together for real."
Battle Over Space
Special teams covers a wide range of
situations from punts to kickoffs to field goal attempts to punt
coverage and kickoff coverage.
"I try to categorize special teams with
one word," Nelson said. "It's all about space. It's either reducing it
on your coverage teams or creating it on your return teams. It's
managing a number of people every play."
A lot of players will be involved in
the various special team groupings. Every unit will have its starters
and back-ups. Those groups also face scout teams in practice.
"The scout guys who service us are very
important," Nelson said. "We have to get a good look from what we have
drawn up from the opposition. If we can get a good look by our scout
guys — if they can create that good look and the speed of that good look
as close as they can and the tenacity of whatever team we're playing
then we have a good chance to do good against that team because we'll
get up to speed quickly.
"When that first kickoff happens or
that first kickoff return, we've practiced fast so when we're playing
that opponent and they're running fast, then we get up to speed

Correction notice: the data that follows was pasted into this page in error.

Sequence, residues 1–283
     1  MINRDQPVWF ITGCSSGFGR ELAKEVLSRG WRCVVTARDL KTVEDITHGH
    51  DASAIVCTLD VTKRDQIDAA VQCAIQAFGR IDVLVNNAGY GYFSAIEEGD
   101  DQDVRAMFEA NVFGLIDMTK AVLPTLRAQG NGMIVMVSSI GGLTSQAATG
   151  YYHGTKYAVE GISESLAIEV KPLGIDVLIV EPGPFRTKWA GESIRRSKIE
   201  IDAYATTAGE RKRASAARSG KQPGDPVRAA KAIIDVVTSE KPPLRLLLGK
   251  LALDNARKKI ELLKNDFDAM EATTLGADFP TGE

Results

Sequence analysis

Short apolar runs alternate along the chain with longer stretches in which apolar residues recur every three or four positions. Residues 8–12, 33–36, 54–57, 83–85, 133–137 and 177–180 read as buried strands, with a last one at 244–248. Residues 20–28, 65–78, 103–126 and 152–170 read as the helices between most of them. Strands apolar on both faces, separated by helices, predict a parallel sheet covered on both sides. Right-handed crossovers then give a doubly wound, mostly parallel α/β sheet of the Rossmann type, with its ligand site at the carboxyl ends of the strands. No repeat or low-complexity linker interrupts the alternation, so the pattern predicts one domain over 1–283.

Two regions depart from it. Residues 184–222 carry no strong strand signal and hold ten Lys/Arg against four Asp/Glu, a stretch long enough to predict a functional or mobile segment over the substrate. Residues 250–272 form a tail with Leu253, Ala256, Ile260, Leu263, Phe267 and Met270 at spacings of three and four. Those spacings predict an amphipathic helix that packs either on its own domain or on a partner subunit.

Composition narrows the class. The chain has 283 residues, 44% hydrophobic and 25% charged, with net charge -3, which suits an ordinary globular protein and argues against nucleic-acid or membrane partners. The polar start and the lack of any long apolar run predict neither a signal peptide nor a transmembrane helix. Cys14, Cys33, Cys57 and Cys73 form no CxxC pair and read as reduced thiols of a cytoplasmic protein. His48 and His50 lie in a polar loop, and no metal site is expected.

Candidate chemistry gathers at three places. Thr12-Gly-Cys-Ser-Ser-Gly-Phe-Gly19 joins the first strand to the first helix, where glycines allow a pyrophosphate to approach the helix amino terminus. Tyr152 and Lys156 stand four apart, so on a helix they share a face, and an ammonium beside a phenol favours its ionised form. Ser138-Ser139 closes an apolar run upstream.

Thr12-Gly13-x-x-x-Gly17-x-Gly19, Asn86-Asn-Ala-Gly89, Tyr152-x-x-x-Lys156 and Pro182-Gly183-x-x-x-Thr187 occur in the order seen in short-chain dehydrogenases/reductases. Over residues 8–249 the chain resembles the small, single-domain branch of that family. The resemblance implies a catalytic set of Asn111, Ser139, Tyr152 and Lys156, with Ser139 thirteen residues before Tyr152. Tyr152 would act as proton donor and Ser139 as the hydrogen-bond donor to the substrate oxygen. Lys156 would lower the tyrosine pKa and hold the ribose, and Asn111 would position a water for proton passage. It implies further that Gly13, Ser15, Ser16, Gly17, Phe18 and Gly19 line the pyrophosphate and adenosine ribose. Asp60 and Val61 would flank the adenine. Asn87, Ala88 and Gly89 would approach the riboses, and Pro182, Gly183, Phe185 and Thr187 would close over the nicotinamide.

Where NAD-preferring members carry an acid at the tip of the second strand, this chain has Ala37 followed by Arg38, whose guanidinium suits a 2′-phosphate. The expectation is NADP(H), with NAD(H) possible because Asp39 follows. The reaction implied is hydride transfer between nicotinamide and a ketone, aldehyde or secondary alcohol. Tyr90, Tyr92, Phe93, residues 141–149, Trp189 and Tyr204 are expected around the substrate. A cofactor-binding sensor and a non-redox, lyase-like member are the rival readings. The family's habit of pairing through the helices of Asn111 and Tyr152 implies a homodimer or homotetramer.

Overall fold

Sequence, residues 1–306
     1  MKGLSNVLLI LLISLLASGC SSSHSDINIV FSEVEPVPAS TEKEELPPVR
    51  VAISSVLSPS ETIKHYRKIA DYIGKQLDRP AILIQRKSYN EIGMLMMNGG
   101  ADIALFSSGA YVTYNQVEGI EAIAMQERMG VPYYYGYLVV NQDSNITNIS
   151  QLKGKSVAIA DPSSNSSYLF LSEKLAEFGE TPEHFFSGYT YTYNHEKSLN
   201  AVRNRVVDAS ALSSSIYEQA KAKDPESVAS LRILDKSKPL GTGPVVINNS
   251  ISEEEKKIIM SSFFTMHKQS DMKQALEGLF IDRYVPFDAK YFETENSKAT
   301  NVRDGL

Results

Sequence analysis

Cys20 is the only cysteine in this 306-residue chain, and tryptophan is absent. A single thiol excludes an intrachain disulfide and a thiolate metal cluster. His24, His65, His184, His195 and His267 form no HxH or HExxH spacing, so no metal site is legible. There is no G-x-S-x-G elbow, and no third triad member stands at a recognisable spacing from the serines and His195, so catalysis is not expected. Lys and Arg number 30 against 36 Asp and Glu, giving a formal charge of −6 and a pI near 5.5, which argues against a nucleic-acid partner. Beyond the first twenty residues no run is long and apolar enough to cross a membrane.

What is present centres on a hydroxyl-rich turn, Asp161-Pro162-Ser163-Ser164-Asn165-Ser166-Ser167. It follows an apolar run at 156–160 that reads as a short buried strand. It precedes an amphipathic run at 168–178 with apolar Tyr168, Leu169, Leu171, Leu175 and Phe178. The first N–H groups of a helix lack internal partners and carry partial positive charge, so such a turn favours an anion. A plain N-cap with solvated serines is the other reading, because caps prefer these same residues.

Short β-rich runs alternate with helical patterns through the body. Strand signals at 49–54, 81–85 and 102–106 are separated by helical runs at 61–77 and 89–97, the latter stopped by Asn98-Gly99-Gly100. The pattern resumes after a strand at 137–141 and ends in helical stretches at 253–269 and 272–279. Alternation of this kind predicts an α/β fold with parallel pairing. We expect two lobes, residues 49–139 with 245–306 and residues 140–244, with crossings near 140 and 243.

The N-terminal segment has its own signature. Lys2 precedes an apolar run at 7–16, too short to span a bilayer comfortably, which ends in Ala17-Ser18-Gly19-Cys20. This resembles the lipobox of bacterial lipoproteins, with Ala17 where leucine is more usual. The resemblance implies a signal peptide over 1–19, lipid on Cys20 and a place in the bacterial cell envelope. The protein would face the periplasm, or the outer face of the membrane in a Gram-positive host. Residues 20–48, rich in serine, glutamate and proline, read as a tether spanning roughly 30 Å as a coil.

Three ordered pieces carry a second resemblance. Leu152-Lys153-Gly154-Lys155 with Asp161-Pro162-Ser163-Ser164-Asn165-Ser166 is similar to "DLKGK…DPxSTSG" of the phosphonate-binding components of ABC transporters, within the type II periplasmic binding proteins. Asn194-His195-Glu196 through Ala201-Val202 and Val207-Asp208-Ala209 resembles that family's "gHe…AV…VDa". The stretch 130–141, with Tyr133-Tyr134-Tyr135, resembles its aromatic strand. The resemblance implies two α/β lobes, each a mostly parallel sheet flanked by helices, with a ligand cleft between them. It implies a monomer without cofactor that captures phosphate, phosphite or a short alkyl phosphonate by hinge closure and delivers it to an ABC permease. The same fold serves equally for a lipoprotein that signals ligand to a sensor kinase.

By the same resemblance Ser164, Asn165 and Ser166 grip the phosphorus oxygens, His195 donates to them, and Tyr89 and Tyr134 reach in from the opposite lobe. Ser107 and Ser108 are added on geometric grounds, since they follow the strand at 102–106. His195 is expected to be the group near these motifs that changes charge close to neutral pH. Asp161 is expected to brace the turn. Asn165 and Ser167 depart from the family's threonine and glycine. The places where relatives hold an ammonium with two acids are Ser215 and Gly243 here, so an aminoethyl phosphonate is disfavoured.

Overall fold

Nelson's analysis of personnel helps
him identify players' capabilities.
"To me, special teams is also about
matchups," he said. "I'm going to match up people. I try not to ask my
players to do something that they can not do. To me, that's good
coaching — only ask your kids to do stuff they can do so they can be
"Special teams is a lot of matchups. We
study their personnel. That's why early in the year is kind of hard
because you're kind of guessing the other team's personnel from the year
before. Some times the first two or three games it's like, 'Oh shoot,
that's not a good matchup.' You thought it was somebody and it's
somebody else who makes it a little harder.
"As the season progresses and wears on,
usually you have a good feel of what the other team does. We do have
systems but you're always tweaking them."
Dwayne Harris gives Nelson and the
Pirates a special talent in terms of his kickoff return ability. Harris